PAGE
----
Providing inspiration on how to care for our fuzzy friends in style, Fairmont Hotels, the first luxury hotel brand to implement an onsite bee sustainability program (in 2008), has more than 40 apiaries and wild bee hotels in its properties around the world. At the Fairmont’s Waterfront hotel in Vancouver, and nearby Château Whistler, cute hive boxes and twiggy bee hotels on the rooftop gardens provide sanctuary for European honeybees and wild native species. Here, the honeybees (currently numbering around 250,000 at Fairmont Waterfront Vancouver) and their wild cousins forage on organic bee-friendly flowers like lavender.

Avoid buying plants where the seeds have been pesticide-treated. “For the first year or two those bee-friendly plants have pesticide in the plant itself. The bees feed on the nectar and pollen and there’d be a little bit of pesticide there. It will weaken them.”

The average life of a honeybee colony has declined dramatically, Common says. “In the old days a bee colony would go forever. The problem for bees is they need more and more nutrition to fight pollution effects. The chemicals are sub-lethal. What we find is our colonies don’t thrive. The babies don’t develop properly, what’s called ‘brood diseases’. It can be stress, bad nutrition, lack of home. They become way more susceptible to disease.”

Climate change also affects bees. “The temperature needs to be about 15°C for nectar to flow,” Common says. “Above 30°C there’s no moisture and flowers can’t produce nectar.” She suggests helping weak bees in summer by offering them sugar diluted in water.

A concerted effort is needed to save bees. Thus, education is important. The Fairmont’s Pollinator Menu, which features more than a dozen culinary ingredients that depend on bees (including scrumptious honey and berries from the rooftop gardens), remind us of some of the foods we’d potentially lose without pollinator species. Visitors can browse the bee information displays or take one of the educative tours offered by volunteers under the hotel’s Bee Sustainable program.

Bee-friendly habitats

The best ways to help bees in our garden are to avoid using pesticides and provide a habitat and forage for them, Pettis says. “We need to go back to more sustainable farming and gardening.” This includes using natural fertilisers and materials and digging less.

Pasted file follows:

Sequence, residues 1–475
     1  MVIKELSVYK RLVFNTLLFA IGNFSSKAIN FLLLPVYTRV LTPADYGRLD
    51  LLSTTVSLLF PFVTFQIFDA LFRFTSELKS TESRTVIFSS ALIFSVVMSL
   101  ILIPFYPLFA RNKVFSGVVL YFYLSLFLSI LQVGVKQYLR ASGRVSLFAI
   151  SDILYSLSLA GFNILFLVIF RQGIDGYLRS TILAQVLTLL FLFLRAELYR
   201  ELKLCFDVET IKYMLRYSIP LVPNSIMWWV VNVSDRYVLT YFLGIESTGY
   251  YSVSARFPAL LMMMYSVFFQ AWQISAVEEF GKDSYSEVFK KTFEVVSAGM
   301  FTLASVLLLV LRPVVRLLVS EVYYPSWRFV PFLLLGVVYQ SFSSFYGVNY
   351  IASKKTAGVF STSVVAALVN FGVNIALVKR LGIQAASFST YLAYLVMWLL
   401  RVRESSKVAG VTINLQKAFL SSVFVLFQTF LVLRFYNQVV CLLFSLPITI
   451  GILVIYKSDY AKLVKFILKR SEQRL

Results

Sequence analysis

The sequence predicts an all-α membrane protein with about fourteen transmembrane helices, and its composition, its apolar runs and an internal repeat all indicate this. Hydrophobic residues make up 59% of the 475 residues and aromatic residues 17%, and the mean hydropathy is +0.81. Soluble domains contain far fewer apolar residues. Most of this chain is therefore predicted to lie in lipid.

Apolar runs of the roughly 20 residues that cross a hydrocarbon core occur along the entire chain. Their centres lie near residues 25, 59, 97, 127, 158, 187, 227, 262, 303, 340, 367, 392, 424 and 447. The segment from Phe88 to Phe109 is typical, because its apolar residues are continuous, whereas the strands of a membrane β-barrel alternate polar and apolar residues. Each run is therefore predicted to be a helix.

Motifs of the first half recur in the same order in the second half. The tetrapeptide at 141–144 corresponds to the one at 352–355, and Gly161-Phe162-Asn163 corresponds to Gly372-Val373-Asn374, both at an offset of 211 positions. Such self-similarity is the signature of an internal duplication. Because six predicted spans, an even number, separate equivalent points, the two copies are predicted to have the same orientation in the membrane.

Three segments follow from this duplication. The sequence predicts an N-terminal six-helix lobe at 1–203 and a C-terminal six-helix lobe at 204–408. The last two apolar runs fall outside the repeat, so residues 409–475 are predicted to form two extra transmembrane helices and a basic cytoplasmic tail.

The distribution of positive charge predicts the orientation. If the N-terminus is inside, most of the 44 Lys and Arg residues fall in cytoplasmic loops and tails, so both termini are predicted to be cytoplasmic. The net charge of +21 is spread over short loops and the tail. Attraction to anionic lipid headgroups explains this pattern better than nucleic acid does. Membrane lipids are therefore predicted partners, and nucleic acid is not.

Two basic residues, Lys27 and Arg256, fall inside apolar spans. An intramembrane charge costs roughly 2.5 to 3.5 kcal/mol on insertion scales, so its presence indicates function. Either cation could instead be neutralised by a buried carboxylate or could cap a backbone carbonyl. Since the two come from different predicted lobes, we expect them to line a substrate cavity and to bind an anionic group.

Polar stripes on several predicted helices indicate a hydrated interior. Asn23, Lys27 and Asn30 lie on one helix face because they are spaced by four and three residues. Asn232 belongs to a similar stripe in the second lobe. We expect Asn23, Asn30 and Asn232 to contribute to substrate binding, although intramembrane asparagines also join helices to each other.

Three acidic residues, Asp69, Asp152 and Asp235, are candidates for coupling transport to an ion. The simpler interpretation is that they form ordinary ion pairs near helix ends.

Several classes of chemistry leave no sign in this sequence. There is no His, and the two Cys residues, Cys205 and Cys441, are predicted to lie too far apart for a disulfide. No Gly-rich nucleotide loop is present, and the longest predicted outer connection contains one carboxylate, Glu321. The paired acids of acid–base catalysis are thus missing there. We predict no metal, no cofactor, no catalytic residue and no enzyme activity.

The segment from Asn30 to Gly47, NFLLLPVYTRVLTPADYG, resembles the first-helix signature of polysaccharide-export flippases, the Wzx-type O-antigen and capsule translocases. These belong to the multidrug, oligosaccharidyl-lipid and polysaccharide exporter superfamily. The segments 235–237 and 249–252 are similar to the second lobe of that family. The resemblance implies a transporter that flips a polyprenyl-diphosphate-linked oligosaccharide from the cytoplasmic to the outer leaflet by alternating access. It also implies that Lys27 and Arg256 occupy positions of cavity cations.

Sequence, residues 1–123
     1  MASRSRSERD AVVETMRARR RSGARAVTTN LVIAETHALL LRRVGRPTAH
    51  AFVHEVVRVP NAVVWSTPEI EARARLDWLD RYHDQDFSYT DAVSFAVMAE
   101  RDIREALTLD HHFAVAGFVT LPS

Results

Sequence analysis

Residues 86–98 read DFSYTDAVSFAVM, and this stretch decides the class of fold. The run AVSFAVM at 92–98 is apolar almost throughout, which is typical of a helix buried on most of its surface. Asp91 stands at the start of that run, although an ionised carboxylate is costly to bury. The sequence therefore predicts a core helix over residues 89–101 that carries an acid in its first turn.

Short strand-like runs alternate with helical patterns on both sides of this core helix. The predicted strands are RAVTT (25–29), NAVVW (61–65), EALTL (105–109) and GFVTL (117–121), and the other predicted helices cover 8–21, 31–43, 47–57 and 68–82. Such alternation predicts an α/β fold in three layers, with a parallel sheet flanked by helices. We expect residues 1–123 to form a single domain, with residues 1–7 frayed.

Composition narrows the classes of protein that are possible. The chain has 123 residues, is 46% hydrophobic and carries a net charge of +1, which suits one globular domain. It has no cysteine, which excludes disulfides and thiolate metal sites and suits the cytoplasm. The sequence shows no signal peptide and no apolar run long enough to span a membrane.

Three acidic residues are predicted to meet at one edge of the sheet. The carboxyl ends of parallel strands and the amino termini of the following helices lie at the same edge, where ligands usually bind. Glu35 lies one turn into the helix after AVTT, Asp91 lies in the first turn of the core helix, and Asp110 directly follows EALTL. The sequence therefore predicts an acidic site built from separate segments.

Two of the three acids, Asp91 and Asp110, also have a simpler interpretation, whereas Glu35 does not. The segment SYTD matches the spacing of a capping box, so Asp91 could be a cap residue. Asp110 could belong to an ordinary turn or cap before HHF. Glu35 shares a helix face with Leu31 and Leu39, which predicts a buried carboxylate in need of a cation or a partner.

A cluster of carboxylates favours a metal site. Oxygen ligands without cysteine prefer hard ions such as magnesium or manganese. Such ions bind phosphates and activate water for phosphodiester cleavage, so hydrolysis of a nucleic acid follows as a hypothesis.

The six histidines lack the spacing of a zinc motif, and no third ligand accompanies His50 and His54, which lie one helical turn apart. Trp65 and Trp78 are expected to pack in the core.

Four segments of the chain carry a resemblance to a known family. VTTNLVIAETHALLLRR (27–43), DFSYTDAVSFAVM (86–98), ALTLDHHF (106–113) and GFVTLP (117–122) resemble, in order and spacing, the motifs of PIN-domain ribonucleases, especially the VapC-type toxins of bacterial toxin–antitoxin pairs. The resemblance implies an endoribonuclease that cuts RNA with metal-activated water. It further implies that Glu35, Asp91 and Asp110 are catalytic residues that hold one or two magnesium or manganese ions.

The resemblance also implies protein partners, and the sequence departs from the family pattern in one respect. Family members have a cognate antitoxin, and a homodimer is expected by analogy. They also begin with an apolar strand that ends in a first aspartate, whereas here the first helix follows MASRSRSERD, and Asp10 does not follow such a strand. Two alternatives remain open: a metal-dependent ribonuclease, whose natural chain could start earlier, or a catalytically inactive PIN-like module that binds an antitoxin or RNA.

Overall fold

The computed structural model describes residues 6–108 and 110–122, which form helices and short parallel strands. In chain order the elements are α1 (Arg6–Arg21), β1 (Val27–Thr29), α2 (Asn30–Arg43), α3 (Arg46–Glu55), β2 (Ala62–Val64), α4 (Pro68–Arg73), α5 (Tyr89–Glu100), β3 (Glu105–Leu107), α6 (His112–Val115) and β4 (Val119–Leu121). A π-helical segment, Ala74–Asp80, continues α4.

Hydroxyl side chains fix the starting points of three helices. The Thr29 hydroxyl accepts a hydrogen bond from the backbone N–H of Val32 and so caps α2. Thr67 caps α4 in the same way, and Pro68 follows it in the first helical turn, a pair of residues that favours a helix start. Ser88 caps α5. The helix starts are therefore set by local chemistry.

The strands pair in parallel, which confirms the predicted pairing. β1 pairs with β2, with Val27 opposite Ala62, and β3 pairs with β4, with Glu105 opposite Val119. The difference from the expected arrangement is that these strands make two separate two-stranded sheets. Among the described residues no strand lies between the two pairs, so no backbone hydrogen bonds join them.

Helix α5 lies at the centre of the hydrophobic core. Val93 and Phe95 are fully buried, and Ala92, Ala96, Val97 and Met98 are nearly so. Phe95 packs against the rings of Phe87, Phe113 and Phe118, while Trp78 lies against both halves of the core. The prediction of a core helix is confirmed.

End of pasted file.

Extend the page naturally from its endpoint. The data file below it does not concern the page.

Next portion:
“About 70 per cent of solitary bees live in the ground,” he says. “Typically, a female digs a little hole in the ground and has a nest and about five offspring. The males are somewhere in the picture but they don’t play an important role. They have to have a certain type of ground, whether its clay or sand. There are a lot of different soil types they like. If the soil has been disturbed or ploughed up, then they can’t nest in it. That’s why habitat destruction is so huge. There’s nowhere for them to live. They need undisturbed natural areas.” The other 30 per cent of solitary bees live in rotten wood like old trees and logs, and inside decaying woody stems and old vegetation, Pettis says.

Building your own bee and insect-friendly haven

As the saying goes, “build it and they will come”. Here’s what you can do at home, according to the experts.

Create a habitat

– Increase undisturbed, untilled areas. Establish wildflower meadow areas or perennial beds. Hold back on mowing.

– Reduce impenetrable landscaping such as concrete paving.

– Leave decaying stubble in over winter. Try planting around it.

– Keep a few rotten logs in the garden.

– Buy or make your own bee hotel with hollow wooden, cardboard or bamboo tubes and sticks for wild bees to nest in.

– Build a pond with waterlilies and cattails (useful as egg-laying sites) and other aquatic flowers to help foster populations of dragonflies and other water-based insects.